Pneumatosis intestinalis is a rare disease characterized by the accumulation of intramural gas within thin walled cysts in the gastrointestinal tract. PI can be associated with pneumoperitoneum and is generally an ominous clinical finding suggesting bowel ischemia. In connective tissue diseases, PI has been described in systemic sclerosis, systemic lupus erythematosus, and myositis.(3) A literature review reveals only a few case studies of PI in MCTD. In patients with CTD who present with pneumotosis, treatment often includes urgent surgery.(2,4) Here, we have described a unique case of recurrent pneumatosis intestinalis and spontaneous pneumoperitoneum without evidence of peritonitis in a patient with long- standing mixed connective tissue disease, which was managed non-operatively.

The etiology of PI in MCTD is not fully understood, but several mechanisms have been suggested. Bacterial overgrowth and increased intraluminal production of hydrogen may compromise mucosal integrity, leading to translocation of gas into the bowel wall without true perforation. This allows for the formation of gas blebs in the sub-serosal layers. Free-intra- abdominal air is thought to occur secondary to bleb rupture.(4) Other theories suggest minute perforations in intestinal diverticula from ischemia.(5) Drugs, such as corticosteroids, have shown to deplete lymphatic tissue in the Peyer’s patch cells of the intestine enabling gas entry into the intestinal wall.(1) A review of patients with systemic sclerosis and PI reported that 33% of them were on corticosteroids.(6)

In CTD patients, PI usually appears later in the disease and has a subacute, progressive course. Several cases reveal that the development of PI depends more on the severity of gastrointestinal tract involvement than on disease duration.(4) Interestingly, benign spontaneous pneumoperitoneum may persist for years without development of peritonitis.(5) Since free air is absorbed from the peritoneal cavity, persistent pneumoperitoneum implies a continuous leak of air into the peritoneal cavity. As seen in our patient, those with CTD may not present with typical symptoms and may have a physical exam that is completely discordant with the severity of the imaging findings. Therefore, the presence of pneumoperitoneum on imaging may be incorrectly interpreted as perforation, resulting in unnecessary hospitalizations and possible surgery.

Management decisions in MCTD patients with PI must focus on symptomatology as well as imaging. Traditional indications for surgery, such as pneumoperitoneum must be interpreted within the context of the underlying CTD. Benign pneumoperitoneum may be present for years without complications. Furthermore, many of these patients are on chronic corticosteroids, posing challenges during diagnosis, surgery and postoperatively.

Current evidence-based treatment for PI in CTD relies on observational and case study data. Non-operative treatment focuses on symptomatic relief with antibiotics, bowel rest, and fluids.(4,7) High flow oxygen has also been shown to be effective in numerous case reports by attenuating gaseous cysts and by being toxic to the anaerobic gut bacteria.(2,4,8) About 3% of patients with PI develop complications such as volvulus, perforation, obstruction and hemorrhage.(2) Greenstein et al.(9) reported age >60, ongoing nausea, and leukocyte count >12,000/mm(3) as factors associated with death and requiring surgical intervention. Wayne et al.(10) have also proposed a vascular disease score which consists of vascular risk factors, abdominal pain, peritonitis, and lactic acidosis which were predictive of positive intraoperative findings. Neither of these scores has been prospectively validated in the literature and no formal therapy has been established for benign PI in CTD. Overall, early recognition and watchful monitoring for bowel necrosis or perforation are preferred over surgical exploration.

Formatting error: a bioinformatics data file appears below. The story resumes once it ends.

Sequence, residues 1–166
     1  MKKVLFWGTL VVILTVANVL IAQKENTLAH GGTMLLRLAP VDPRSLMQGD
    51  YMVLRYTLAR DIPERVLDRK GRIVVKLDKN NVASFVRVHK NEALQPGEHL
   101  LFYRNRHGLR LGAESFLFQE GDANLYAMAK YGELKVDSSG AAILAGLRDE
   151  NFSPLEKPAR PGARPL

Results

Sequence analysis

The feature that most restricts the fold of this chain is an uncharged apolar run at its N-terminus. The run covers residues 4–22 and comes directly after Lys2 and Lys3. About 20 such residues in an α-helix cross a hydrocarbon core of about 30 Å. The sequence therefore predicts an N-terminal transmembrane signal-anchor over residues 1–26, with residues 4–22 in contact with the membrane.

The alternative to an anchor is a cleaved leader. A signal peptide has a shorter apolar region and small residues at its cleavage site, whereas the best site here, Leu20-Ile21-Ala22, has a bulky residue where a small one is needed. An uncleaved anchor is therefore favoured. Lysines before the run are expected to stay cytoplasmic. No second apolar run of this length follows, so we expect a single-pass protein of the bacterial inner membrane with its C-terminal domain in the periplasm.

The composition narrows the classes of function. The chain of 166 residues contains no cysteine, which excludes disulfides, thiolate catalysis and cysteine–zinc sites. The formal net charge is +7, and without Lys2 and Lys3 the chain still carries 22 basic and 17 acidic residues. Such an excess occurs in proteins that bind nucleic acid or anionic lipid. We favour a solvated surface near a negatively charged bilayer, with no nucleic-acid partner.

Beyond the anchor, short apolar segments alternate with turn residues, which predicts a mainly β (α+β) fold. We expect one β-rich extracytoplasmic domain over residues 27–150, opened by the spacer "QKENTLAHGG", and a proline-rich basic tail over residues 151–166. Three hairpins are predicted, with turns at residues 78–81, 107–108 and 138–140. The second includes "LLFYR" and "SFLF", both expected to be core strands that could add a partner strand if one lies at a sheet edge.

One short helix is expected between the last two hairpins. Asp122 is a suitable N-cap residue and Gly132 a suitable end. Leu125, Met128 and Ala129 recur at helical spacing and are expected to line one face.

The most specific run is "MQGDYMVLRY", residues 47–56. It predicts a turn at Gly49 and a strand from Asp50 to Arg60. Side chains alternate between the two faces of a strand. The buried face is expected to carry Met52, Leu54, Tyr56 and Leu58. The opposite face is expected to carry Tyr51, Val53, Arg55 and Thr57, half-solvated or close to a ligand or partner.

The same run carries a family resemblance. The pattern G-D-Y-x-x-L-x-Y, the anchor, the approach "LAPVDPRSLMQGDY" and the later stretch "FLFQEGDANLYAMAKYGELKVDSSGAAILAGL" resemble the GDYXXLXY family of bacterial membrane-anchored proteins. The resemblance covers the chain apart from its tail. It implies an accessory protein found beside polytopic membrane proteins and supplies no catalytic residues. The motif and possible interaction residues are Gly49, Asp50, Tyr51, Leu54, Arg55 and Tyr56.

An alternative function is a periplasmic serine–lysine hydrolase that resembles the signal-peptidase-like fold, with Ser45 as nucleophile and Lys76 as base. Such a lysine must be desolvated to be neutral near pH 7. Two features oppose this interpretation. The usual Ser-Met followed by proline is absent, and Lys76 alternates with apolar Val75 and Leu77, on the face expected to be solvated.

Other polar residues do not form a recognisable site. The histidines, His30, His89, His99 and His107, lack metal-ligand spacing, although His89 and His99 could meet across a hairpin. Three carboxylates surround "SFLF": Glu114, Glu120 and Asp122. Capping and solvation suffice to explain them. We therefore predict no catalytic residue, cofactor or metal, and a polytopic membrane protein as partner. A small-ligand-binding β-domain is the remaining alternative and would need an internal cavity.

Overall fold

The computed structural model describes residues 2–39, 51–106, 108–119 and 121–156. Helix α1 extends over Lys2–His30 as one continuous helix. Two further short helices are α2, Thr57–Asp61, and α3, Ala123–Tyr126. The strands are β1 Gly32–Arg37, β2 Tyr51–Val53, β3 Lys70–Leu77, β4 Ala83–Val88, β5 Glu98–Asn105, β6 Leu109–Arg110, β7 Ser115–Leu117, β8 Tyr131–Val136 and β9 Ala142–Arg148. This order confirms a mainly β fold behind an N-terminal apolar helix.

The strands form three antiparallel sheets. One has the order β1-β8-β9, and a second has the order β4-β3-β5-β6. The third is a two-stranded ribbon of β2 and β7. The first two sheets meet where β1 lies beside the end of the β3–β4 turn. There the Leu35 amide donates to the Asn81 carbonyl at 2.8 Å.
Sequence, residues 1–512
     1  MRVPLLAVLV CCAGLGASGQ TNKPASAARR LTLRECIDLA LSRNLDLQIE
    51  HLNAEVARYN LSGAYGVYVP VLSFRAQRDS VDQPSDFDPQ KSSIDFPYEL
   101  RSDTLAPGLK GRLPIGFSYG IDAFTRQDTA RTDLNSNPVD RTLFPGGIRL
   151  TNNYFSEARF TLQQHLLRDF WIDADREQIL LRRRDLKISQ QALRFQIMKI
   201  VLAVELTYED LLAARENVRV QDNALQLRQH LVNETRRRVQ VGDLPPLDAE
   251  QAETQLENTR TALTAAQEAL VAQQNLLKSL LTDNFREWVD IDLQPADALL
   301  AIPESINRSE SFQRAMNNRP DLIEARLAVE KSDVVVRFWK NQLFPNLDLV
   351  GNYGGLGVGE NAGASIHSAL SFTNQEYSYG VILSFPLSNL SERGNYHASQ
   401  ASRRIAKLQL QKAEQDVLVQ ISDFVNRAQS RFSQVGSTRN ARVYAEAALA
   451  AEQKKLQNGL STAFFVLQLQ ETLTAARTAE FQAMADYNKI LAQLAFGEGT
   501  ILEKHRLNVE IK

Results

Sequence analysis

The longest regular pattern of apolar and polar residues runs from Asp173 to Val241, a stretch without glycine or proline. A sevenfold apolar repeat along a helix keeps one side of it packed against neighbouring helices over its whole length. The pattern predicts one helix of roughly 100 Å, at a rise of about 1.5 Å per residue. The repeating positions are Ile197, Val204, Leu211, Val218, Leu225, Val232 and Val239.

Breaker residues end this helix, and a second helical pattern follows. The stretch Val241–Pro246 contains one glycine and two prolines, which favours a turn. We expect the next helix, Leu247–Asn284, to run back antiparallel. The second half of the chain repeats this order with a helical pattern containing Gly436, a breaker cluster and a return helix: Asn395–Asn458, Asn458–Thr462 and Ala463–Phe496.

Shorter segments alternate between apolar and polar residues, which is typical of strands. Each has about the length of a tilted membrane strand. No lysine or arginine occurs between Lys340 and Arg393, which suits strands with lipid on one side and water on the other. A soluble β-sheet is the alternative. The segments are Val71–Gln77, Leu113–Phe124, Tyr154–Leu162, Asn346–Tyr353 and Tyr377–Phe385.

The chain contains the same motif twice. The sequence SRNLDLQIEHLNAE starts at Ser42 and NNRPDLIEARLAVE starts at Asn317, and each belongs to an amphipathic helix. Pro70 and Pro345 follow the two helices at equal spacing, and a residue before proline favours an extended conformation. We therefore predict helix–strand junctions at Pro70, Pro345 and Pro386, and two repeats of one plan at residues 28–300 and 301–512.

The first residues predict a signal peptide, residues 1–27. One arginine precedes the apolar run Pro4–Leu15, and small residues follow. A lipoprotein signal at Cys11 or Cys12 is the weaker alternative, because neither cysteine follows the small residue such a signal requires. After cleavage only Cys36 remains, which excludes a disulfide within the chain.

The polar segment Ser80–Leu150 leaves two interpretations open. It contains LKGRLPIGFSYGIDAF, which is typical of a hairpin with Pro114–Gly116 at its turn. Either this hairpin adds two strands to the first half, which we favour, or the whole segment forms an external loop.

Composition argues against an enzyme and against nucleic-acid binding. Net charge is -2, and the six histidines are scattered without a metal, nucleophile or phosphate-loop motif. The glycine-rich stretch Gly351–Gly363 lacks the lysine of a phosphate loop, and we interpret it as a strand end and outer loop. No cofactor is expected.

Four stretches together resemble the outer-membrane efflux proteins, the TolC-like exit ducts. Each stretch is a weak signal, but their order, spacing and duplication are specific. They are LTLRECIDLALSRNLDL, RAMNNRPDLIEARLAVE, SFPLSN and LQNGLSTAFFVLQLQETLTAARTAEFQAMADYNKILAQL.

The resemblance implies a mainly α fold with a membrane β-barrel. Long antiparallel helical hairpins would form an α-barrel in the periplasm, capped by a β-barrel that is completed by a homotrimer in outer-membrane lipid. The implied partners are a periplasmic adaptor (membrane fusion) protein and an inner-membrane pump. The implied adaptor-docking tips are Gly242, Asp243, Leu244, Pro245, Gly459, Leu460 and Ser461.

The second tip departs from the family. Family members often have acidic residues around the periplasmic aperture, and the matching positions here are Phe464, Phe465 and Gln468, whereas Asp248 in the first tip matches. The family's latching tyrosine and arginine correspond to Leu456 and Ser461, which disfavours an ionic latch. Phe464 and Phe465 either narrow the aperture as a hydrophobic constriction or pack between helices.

In conclusion, the present case demonstrates a non-surgical approach to recurrent PI, with pneumoperitoneum, in a patient with MCTD. To our knowledge, non-operative management in such a patient has only been reported once before.(11) By avoiding surgical interventions in such patients, we can circumvent the morbidity associated with exploratory laparotomy and bowel resection. Meticulous correlation of the clinical presentation with corroborative laboratory testing should determine whether a conservative medical approach or emergency surgical exploration is appropriate.(12)

Citation: Koppikar S, Yu D, Ropeleski M, Robertson D. Recurrent benign pneumatosis intestinalis in a patient with mixed connective tissue disease. Arch Rheumatol 2018;33(4):478-481.

Conflict of Interest

The authors declared no conflicts of interest with respect to the authorship and/or publication of this article.

Financial Disclosure

The authors received no financial support for the research and/or authorship of this article.